It was a cold Saturday morning in January as I was sitting comfortably in my warm apartment drinking coffee and chatting with a friend.
“Maybe,” he said 2021 could be the time to finally make some of those changes you’re always talking about.”
I wrote him off immediately.
I’m not a fan of change. I get a stabbing feeling in my chest and the world seems to slow down around me at the very thought of making big life decisions. It’s not good.
In 5th-grade science class, I remember learning the definition of homeostasis.
Homeostasis: “A process that living things use to actively maintain fairly stable conditions necessary for survival.”
Every living thing actively fights against change, including me.
I feel like I have worked so hard on crafting and building my life into something happy, and it doesn’t take much to rock that fragile foundation. I get overwhelmed at goodbyes, cry when my favorite coworkers leave, and I would rather stay complacent at the risk of messing something up. But sometimes earthquakes of change are inevitable.
My friend was right. 2021 was a year of change.
In February, I quit a job I loved to explore new opportunities. It was scary, and emotional, but ultimately good. It helped me grow, and become better at what I do.
But it was still change, and there was still and adjustment period I had to go through.
On top of all of that, some of my closest relationships with friends and family became a little strained, and other situations caused depression and anxiety. As I lost people in my life that I cared about, everything felt like it was moving faster than the speed of sound and I was left frozen in the dark.
Eventually, seemingly out of the blue, I found myself taking a new job yet again and was thrust again into a wave of change.
That’s ALOT of change for someone who never changes their order up at Panda Express in fear they’ll be disappointed with their order.
Good changes. Bad changes. Whole new routines to get used to. But in the middle of this year, I found 3 reminders that God is still actively at work in my turbulent life.
1) There Are No “What If’s”
I’m a “what if” kind of person.
What if I didn’t make the right decision? What if life never goes back to normal? What if life gets worse? What if I should have tried harder?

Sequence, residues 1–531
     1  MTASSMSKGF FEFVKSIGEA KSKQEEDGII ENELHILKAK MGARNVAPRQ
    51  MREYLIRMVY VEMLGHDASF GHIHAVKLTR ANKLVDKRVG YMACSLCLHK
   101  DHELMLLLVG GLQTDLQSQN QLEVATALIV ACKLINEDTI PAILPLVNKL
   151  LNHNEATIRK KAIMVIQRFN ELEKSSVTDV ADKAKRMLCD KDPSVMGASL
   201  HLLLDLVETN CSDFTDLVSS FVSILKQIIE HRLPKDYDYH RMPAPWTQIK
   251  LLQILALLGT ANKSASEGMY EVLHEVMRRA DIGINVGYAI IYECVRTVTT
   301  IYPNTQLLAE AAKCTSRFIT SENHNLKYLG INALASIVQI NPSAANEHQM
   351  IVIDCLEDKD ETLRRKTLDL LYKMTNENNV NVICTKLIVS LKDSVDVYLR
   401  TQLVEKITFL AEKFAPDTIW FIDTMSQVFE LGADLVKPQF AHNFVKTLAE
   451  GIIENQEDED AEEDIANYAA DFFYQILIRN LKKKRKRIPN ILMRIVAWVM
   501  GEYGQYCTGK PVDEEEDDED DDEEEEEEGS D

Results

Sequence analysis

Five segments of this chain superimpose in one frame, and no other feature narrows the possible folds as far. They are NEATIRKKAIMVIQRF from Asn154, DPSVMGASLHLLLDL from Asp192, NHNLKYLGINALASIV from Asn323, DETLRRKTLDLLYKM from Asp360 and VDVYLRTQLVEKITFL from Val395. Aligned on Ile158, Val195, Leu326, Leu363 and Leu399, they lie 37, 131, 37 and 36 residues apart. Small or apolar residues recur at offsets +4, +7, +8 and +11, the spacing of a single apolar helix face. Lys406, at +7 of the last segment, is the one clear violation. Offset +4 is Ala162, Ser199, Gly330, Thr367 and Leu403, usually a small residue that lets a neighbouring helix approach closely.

What if? What if? What if?
But the problem about “What if” is that it doesn’t do anything except fuel my anxiety and depression.
Whenever I start to fall down the “what if” rabbit hole, a quote from Corrie Ten-Boom always helps me out of it.
“There are no ‘ifs’ in God’s world.”
I had to give myself permission to stop dwelling on past circumstances and dwell on the now.
2) God Is Still at Work
While I can’t go back and fix my past, I can be confident that God can and is at work in my present. When I’m in the middle of change, I can easily feel hopeless and overwhelmed, but God is a redeemer. He can use everything, even my confusing present, for His good.
God’s specialty is taking hopeless situations, all of our broken things, wrong choices, and He creates something beautiful out of them.
In this season of transition, I have learned so many wonderful things, and I have made so many wonderful friends. I wouldn’t trade them for the world.
If you look, there is beauty even in the change that hurts.
3) Focus on What You Can Control
There’s a lot of things in life I can’t control, and it stresses me out. This year, I’m learning to stop obsessing over the things I can’t change.
Instead, I’m focusing on growing stronger in my faith, investing in my friendships, and asking for help when needed.
Maybe like me, you are in a season of change. I pray you lean into God’s promises, cling to hope, and know that He is there through all of the hurt.